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Ex-top government official to visit battlefield

Associated Press Modified: October 5, 2012 at 8:17 am •  Published: October 5, 2012

He later served as a U.S. attorney and a federal district and appeals court judge before his nearly decade-long stint as FBI director. He then served as CIA director for four years, ending in 1991. He is currently the chairman of the Homeland Security Advisory Council.

Webster said he had thought frequently of his great-grandfather as he charted his career.

"The question I always asked myself, am I needed for this? Is this something that I could do, if I did it? Is this something where I could be useful."

Of the key positions he came to hold, Webster added: "Never looked for any of them, they just seemed to come my way. Being responsive and saying 'Yes, I'll do it' was part of that tradition that we felt in our family was important."

In coming days, thousands besides Webster will join in commemorating the battle.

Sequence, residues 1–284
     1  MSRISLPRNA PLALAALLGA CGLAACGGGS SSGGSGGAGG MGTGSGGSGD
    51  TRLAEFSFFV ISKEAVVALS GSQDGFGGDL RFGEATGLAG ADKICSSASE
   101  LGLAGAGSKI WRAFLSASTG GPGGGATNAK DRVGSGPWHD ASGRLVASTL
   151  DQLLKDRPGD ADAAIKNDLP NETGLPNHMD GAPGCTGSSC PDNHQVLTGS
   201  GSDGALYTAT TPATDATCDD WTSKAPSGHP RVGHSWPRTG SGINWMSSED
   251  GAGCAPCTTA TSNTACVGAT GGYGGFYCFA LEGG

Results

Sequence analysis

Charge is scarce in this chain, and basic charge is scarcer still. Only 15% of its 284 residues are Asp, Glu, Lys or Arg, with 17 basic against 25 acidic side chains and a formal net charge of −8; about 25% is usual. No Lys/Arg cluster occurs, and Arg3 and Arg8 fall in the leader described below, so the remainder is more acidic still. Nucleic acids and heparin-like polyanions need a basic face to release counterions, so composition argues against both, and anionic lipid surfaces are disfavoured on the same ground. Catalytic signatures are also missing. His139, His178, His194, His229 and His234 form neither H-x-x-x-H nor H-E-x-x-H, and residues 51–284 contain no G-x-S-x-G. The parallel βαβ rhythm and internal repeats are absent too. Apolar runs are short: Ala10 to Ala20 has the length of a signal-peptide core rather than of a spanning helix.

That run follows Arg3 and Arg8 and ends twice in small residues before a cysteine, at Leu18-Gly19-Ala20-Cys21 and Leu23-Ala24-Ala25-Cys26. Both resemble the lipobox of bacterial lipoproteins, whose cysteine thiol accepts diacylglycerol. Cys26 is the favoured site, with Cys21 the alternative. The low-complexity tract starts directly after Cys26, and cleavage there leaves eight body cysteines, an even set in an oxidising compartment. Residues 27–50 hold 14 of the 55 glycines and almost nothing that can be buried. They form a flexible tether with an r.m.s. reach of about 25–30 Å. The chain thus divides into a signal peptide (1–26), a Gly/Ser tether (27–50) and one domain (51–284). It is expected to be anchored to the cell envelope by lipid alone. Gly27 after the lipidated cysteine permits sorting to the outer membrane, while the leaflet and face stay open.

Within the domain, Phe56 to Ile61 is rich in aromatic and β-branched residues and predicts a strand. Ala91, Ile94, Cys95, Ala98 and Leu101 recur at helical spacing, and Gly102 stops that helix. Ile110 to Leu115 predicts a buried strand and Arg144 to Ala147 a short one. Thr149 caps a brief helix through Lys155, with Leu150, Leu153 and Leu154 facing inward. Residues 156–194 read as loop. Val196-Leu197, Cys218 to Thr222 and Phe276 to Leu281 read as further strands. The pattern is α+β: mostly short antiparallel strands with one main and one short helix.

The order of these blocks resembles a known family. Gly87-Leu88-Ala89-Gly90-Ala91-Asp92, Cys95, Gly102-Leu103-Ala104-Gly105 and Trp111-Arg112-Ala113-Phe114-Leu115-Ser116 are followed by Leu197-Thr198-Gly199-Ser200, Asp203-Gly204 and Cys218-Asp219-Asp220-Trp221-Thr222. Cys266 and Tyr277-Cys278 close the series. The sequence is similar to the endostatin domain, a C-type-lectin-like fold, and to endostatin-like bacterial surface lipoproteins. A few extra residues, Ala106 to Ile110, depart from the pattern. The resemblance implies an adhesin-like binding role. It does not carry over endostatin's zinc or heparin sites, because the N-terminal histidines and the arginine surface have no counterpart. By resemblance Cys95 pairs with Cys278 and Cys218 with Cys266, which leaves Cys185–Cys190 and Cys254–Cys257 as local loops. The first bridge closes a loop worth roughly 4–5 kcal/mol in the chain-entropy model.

Nearly 2,000 registered to portray rebels or Yankees for the Perryville re-enactments. And there are also plans for book signings, ghost tours and battlefield tours in coming days.

One of the battle re-enactments this weekend will portray Webster's brigade, a first for the annual re-enactment ceremonies, said Kurt Holman, manager of the Perryville Battlefield State Historic Site.

"We've never been able to do that before," Holman said, noting that structures had been in the way before. "But since then, we've acquired the property and restored that back."

Two houses and a barn on the historic site have since been cleared away.

Webster, who traced his great-grandfather's movements during the war through battles in Virginia and present-day West Virginia, said he is looking forward to the 150th at Perryville.

He said he has some of his great-grandfather's personal belongings, including his gold watch, Civil War commission and a photograph of his ancestor in his military uniform.

"He looks like he'd be a pretty formidable officer," he noted.

Among his most prized possessions are the letters his great-grandfather wrote his wife, which amounted to a memoir.

"He had been saying in the early letters that he didn't expect the war to last very long," Webster said. "And in the later letters he said, 'I know this has gone longer than any of us expected. But this is not the time for me to leave. I cannot as a matter of honor do that for the men that I've trained and are here.'"

That devotion to honor and country cost him his life. His great-grandmother never remarried after her husband's death, and late in life she moved to Missouri to live with one of her sons — Webster's grandfather.